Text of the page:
Boxers With Arthritis

Arthritis can cause your boxer to avoid jumping and progressively stop playing.
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It's difficult to watch your boxer grow older, especially if she starts experiencing health problems. If your senior boxer shows signs of arthritis, get her an appointment with the vet immediately. The doctor can verify whether it really is arthritis and will prescribe treatment to alleviate your boxer's discomfort.


Arthritis is one of the most common breed-specific health problems in dogs. Larger breeds of dogs tend to display signs of arthritis earlier than with mid-sized or smaller dogs. Boxers aren't necessarily predisposed to getting arthritis directly, but it can develop from other, boxer-breed conditions, like hip dysplasia. In her book on boxers, Joan Hustace Walker writes that just living long enough increases the chance for a boxer to develop arthritis in one or more joints.


Slowing down isn't the only symptom of arthritis you might notice in your boxer. Keep an eye out for things like limping and swelling around joints. Difficulty in getting up from a lying position, trouble when jumping or reluctance to jump at all are other signs, as well as flinching when a painful joint is touched.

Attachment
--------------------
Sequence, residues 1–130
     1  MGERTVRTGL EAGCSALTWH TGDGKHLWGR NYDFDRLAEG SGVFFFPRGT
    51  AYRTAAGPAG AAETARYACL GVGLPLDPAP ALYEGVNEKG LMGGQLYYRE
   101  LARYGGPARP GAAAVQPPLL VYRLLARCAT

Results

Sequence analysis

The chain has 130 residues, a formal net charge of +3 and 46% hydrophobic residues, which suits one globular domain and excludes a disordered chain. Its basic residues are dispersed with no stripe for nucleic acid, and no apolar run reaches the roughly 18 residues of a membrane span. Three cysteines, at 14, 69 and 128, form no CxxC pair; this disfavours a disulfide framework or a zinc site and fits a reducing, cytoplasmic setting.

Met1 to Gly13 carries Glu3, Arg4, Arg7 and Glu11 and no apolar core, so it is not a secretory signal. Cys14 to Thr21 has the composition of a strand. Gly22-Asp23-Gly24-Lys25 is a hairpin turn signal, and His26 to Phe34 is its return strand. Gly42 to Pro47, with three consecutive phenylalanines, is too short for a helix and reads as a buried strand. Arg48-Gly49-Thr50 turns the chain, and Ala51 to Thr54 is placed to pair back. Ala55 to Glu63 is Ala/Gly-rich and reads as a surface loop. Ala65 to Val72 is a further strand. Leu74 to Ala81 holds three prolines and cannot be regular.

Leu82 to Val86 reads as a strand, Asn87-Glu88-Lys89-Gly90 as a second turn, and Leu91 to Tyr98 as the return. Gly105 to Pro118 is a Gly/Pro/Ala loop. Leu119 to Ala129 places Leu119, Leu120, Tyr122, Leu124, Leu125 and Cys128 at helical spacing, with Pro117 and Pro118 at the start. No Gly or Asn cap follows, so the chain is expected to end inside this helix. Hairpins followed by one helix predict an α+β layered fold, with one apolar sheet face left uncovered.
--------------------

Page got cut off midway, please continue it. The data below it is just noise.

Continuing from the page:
The American Animal Hospital Association lists seeing your vet as the first step once you've noticed signs of arthritis in your boxer. Painful joints and other symptoms can indicate conditions other than arthritis, hip dysplasia being one. Your vet will recommend a treatment such as steroids and anti-inflammatory medications. Surgery may be an option for a younger animal, to stabilize the affected joints or to deal with damaged bone. Acupuncture is even gaining popularity to treat the pain of arthritis. Your vet may recommend glucosamine supplements to strengthen cartilage in the joints. It is always best to trust your vet to prescribe treatment instead of medicating your boxer on your own. Attempting to give your dog human medications can be dangerous and even deadly to animals.


Polyarthritis is a condition associated with boxers and is similar to arthritis, but it typically affects more than five joints at the same time. It causes damage by destroying cartilage in joints and can be auto-immune related, rheumatoid arthritis caused, or brought on by infectious organisms. Polyarthritis can also be secondary to a primary cause like inflammatory bowel disease or tumors, or it can even have an unidentified cause. The typical joint pain and stiffness of arthritis are also accompanied by fever with polyarthritis. Veterinary consultation is needed to determine the best course of treatment based on the type of polyarthritis your boxer may have.

Always check with your veterinarian before changing your pet’s diet, medication, or physical activity routines. This information is not a substitute for a vet’s opinion.

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